The role of the teacher

Wood, Ruth, Jackson, Claire, Bayliss, Sandra and Usher, Nick (2021) The role of the teacher. In: Maisey, Daryl and Campbell-Barr, Verity, (eds.) Why do teachers need to know about child development? Strengthening professional identity and well-being. London, U.K. : Bloomsbury. pp. 127-142. ISBN 9781350084940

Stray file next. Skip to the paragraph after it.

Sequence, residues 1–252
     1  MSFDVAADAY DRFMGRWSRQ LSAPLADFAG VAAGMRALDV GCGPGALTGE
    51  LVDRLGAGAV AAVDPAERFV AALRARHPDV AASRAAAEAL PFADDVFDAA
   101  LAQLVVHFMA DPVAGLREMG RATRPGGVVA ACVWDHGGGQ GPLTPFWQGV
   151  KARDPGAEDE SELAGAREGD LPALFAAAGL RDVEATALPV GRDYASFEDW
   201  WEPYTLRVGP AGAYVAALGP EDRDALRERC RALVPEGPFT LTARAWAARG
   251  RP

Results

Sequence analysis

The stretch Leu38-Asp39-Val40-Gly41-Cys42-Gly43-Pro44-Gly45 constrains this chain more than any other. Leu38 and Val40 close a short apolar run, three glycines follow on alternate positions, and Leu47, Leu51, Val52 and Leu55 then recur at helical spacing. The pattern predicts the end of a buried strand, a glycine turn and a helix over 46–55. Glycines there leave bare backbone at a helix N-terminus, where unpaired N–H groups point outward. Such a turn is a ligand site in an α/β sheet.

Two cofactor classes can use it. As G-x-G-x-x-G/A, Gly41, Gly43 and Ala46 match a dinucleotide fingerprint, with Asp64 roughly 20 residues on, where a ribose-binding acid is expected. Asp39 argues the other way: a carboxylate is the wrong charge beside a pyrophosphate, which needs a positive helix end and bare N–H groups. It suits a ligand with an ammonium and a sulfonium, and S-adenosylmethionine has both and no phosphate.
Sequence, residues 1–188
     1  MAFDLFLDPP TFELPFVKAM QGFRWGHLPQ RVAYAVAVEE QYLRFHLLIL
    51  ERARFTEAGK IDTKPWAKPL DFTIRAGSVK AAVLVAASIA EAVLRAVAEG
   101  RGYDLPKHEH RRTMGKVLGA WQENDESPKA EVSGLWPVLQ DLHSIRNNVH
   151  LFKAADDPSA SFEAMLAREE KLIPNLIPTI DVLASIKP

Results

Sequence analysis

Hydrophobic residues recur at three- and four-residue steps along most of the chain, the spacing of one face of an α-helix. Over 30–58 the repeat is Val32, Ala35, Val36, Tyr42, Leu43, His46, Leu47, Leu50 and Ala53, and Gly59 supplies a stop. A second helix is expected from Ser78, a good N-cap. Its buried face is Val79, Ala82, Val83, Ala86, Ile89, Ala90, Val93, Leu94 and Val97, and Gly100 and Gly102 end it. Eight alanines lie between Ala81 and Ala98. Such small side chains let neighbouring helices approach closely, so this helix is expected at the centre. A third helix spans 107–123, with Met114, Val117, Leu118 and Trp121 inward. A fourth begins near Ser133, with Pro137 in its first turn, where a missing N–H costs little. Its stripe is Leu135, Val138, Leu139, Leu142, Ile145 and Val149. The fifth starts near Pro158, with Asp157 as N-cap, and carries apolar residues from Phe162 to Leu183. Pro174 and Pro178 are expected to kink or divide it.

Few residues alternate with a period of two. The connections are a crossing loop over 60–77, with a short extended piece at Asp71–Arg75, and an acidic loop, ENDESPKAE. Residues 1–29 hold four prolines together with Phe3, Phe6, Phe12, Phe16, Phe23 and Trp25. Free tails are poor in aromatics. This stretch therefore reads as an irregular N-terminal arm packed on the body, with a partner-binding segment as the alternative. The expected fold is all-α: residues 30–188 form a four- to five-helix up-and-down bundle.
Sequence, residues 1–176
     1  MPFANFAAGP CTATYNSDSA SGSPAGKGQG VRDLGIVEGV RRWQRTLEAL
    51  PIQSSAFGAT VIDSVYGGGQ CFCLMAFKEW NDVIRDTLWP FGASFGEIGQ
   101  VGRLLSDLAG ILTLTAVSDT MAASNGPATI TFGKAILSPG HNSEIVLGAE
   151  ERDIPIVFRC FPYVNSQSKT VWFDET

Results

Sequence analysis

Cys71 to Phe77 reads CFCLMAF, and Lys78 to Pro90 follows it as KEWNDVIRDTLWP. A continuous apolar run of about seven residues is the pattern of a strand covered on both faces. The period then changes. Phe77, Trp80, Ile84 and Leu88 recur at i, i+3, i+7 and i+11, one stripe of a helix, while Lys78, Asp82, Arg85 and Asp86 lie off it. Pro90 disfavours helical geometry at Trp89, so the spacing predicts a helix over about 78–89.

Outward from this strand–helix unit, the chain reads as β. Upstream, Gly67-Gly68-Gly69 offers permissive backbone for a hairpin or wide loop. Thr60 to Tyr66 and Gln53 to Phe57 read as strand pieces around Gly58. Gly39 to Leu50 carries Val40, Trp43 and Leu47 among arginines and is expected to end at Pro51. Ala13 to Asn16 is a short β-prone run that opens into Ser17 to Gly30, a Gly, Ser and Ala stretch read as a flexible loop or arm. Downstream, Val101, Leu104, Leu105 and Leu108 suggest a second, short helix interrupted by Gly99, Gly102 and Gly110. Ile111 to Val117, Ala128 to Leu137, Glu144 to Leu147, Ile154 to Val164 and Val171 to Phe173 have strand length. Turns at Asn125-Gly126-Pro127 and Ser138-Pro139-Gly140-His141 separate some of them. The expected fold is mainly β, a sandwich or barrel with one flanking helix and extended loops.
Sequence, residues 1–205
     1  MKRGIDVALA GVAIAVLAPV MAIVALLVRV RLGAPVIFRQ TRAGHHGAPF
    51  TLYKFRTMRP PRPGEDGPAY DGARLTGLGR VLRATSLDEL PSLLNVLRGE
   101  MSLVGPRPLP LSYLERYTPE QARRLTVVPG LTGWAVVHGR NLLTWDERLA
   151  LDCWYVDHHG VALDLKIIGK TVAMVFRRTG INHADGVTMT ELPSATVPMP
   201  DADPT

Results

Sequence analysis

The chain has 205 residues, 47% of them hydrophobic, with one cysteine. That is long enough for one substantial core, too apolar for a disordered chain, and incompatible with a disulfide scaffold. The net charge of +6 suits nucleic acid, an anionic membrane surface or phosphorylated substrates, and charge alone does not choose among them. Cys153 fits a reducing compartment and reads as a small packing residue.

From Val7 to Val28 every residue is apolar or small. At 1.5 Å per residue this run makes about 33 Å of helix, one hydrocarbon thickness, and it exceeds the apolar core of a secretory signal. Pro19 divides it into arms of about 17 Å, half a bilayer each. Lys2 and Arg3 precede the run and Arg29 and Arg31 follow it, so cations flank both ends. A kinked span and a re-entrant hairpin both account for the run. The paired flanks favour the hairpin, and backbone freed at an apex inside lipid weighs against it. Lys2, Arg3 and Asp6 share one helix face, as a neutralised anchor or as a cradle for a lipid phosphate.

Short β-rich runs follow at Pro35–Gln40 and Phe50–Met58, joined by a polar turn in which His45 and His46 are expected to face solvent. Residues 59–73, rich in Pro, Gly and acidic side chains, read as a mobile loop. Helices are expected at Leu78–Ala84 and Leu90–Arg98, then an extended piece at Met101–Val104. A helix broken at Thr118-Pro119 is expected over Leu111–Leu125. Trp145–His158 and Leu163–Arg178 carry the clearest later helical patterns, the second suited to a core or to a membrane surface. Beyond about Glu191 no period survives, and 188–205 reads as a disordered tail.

The teacher’s role may be perceived and described in many ways. It is possible that emphasis is placed upon facilitating, supporting, leading and guiding the cognitive development of the learner. Skills, knowledge and understanding, which are embodied in curriculum documentation and presented according to subject relevance, are often foregrounded. The process of translating curricula such as this into practice is sufficiently challenging;, however, the preceding chapters highlight the multi-faceted role of the teacher, which extends beyond the measureable and more tangible outcomes of learning. In an age of supercomplexity, the teacher is amidst competing and often conflicting demands, which are difficult to navigate. As a moral practice, teachers will consider and respond to the needs and well-being of the learner not only contemplating how pupils might perform in assessments but also reflecting upon the needs and experiences of the pupil as an individual in their own right - collaborating and communicating with other professionals beyond the geography of the classroom and forging sustainable and productive links between home and school. At the core of such activity are teachers’ own values, and to gain a better understanding of these, this chapter examines the individual and the collective voice of teachers drawn from a range of practice settings. In so doing, this chapter explores the ways in which teachers conceptualizse and enact their role and the factors that influence their values, identity and practice.

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